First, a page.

This is probably the most useful reminder option at Williams. If you check your email frequently around campus but don't return often to your room, you can use this option to send yourself a reminder that you be surer to receive. But if this option isn't offring you the To: address that you want it to, read the final section of this wiki for answers.

Note that you can add more than one alarm to a single event by click on the field name alarm and choosing the "add alarm" option.

Sending An Email Reminder . . . to Anyone

So you want to remind yourself, but iCal doesn't know your address? Or you want to remind someone else, such as your student group listserver, perhaps Writing Workshop? This final section is for you.

iCal thinks it knows you. It thinks that you could only want to remind yourself of an event. iCal is also part of a suite of cute programs made by Apple that try to work with each other. This has one very important ramification: iCal will only offer you the address(es) of one person in your Address Book. That's bolded not because it's your little black book where you keep the numbers of hott ephs, but because it's the name of the program made by Apple, also distributed with your computer (probably). The person whose addresses appear in iCal is the person you've marked as "Me" in Address Book.

What's that? You don't use Address Book? You never have? You think it sucks? Well, get set to open it, buddy, because that's the only way to get iCal to behave. No, there is no way to type in an address for iCal to target. Offering that option would display too much faith in the user on Apple's part.

Here is how to get iCal to remind any address about the event you've set:

  1. Open Address Book. If you use Mail, the option in the Windows menu by the same name will open it for you. If not, do a find command for it if you need to. I won't tell anyone.
  2. If you aren't in your own address book, create a new record for yourself by selecting "New Card" from the File menu. If you do have a card for yourself, select it so you can edit it. Tell the computer any lies you wish about yourself, but be sure to give it your email addresses, and any other email address you want to be able to send an iCal reminder to.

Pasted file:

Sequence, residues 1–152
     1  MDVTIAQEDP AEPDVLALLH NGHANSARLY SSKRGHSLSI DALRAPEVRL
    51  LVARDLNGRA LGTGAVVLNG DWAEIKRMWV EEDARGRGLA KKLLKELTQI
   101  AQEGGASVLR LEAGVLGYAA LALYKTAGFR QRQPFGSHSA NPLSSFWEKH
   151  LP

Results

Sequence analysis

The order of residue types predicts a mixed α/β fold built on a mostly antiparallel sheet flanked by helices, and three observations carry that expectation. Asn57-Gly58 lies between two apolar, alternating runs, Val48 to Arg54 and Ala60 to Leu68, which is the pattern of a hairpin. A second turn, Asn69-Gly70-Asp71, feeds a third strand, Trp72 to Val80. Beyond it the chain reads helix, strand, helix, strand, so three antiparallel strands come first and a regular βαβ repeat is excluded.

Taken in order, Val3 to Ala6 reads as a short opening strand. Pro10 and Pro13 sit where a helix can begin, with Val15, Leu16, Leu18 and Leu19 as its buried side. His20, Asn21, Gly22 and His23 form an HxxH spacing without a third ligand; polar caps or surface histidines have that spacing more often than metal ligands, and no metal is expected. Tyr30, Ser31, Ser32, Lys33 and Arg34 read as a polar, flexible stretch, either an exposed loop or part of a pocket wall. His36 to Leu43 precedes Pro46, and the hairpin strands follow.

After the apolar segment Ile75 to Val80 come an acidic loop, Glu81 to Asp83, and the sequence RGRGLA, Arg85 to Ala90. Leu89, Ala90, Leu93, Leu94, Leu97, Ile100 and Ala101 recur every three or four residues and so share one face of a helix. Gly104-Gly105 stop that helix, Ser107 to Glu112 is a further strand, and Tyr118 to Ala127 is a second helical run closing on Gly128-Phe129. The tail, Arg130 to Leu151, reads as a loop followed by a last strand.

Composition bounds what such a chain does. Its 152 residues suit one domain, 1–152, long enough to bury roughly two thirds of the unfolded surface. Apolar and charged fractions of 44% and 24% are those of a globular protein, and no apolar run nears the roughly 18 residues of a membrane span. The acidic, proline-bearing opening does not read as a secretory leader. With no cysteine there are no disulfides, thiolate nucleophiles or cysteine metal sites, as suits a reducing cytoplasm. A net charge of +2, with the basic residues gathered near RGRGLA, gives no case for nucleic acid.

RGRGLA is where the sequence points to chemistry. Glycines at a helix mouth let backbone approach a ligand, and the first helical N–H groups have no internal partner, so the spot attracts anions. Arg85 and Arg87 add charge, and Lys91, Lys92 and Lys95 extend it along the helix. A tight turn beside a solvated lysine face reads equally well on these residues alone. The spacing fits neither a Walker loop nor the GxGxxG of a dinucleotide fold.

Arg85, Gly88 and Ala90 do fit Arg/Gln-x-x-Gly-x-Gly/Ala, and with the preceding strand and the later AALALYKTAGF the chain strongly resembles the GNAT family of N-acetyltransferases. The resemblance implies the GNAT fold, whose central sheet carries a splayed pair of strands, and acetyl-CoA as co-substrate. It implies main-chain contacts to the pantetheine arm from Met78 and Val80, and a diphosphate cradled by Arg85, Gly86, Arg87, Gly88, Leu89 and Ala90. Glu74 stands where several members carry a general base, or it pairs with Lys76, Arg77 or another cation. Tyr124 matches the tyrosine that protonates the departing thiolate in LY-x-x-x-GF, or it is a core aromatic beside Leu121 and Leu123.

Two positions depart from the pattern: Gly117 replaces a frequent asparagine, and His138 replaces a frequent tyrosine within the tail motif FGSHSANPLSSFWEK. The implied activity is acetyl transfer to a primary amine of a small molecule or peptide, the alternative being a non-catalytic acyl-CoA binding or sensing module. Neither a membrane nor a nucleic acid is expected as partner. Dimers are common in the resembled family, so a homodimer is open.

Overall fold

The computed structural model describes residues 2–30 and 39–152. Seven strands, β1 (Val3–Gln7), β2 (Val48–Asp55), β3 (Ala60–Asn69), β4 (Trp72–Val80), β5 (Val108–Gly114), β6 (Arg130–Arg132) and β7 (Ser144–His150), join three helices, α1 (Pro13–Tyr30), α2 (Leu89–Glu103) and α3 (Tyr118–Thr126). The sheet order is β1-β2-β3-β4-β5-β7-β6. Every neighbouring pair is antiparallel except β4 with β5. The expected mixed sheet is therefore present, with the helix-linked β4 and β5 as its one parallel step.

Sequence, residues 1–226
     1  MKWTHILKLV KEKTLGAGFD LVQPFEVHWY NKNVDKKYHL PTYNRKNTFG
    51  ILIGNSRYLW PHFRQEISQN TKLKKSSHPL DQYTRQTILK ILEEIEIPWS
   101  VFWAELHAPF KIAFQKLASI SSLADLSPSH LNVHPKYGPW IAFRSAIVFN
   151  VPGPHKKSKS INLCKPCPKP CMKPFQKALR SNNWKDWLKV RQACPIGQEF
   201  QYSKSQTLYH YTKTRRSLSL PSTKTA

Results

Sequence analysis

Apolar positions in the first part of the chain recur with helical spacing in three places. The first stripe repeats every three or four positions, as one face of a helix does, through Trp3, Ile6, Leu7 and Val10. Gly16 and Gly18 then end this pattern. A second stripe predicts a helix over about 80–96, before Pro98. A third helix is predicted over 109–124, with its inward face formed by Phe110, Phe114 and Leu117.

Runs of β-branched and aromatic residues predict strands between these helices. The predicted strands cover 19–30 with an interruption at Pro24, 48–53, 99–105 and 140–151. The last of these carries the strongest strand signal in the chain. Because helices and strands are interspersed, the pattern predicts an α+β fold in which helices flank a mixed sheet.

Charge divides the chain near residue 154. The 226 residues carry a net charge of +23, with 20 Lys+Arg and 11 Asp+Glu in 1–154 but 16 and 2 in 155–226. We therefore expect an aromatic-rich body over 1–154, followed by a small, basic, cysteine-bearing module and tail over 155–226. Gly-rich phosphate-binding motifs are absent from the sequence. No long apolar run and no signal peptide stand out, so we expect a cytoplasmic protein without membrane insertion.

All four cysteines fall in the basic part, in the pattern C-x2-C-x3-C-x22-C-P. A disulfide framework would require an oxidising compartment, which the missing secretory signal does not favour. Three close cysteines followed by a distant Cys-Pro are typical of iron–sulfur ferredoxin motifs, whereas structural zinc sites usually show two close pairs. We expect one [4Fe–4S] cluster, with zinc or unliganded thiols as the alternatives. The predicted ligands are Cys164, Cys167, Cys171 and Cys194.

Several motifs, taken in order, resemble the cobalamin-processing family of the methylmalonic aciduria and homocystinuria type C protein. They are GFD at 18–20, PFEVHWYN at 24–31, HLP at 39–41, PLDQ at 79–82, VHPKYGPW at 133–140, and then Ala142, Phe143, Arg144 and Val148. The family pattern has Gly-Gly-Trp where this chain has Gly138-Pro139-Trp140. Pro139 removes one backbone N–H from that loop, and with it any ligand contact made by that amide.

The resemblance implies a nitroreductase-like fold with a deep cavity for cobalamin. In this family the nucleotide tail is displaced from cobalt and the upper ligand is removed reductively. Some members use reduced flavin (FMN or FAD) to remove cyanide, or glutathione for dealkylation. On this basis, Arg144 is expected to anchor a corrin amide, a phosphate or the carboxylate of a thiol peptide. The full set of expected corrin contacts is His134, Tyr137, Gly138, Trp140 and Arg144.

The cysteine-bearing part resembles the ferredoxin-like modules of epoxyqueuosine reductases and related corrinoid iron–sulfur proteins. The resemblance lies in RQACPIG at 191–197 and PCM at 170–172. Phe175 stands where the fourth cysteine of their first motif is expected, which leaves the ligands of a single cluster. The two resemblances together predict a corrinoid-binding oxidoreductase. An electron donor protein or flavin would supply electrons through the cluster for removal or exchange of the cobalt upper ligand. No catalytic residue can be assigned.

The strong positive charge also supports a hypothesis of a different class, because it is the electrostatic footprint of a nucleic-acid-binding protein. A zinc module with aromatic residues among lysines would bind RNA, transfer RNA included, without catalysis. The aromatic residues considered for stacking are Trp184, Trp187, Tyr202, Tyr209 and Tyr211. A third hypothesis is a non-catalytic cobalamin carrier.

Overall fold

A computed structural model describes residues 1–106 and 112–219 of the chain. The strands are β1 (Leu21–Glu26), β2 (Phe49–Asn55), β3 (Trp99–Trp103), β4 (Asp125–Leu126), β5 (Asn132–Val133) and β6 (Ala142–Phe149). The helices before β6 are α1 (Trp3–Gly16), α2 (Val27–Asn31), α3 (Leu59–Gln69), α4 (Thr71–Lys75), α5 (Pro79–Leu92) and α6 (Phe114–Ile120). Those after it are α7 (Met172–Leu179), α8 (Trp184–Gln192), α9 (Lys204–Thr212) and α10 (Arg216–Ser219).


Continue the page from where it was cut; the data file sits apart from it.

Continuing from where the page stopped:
3. When you have finished creating or editing your card, select "This Is My Card" from the Card menu. This is very important. If you do not do this, your computer thinks you are just a regular joe, and therefore unworthy of receiving event reminders from it.

Yes, Address Book is the key here. You can tell it your address is opinions@wso.williams.edu, and it will become the unwitting accessory to your weekly complaints to College Council that Anchor Housing sucks, or that Spring Street stores should accept dinner points, or that one-ply toilet paper can't satisfy the epic needs of your post-revelry bowels. And if you wanted to write your complaints that CC has never done anything for you on the first day of the year and have them sent in May, iCal and Address Book are your ticket.

A Warning About iCal's Alarms

This wiki was written primarily to help the new "reminder monkey" of Writing Workshop learn how to send automated shift reminders using iCal, a system developed by Jonathan Landsman in Fall 2004.

During his implementation of the system for that school year, one important problem was discovered: for reasons that were never determined, iCal would occassionally cease to send its periodic reminders, with no warning whatsoever. The issue would usually take a few weeks of normal function to arise, but when it came, it seemed to have no reason to it.

When this happened, the simple act of opening iCal seems to be enough to set it back on track. Unfortunately, upon opening, iCal, without warning, attempts to send all of its missed and now outdated alerts. If they are targeted to you, it's not a huge problem, but if they go to a list, the result is a potentially huge block of spam. The following workaround is suggested:

  1. When you create the alarm in iCal, make sure you will be a recipient of your own reminders. If you are not on the target list, add a second alarm to the same event.
  2. As soon as you notice a missed message, either
  • Unplug your ethernet cord to sever your connection to the Internet, OR
  • Open Mail and select the "Go Offline" option at the top of the Mailbox menu.
  1. Open iCal. iCal will now attempt to send past reminders, but they will all stick in your Mail Outbox instead of going to the target address.
  2. Delete the messages in your Outbox before going back online.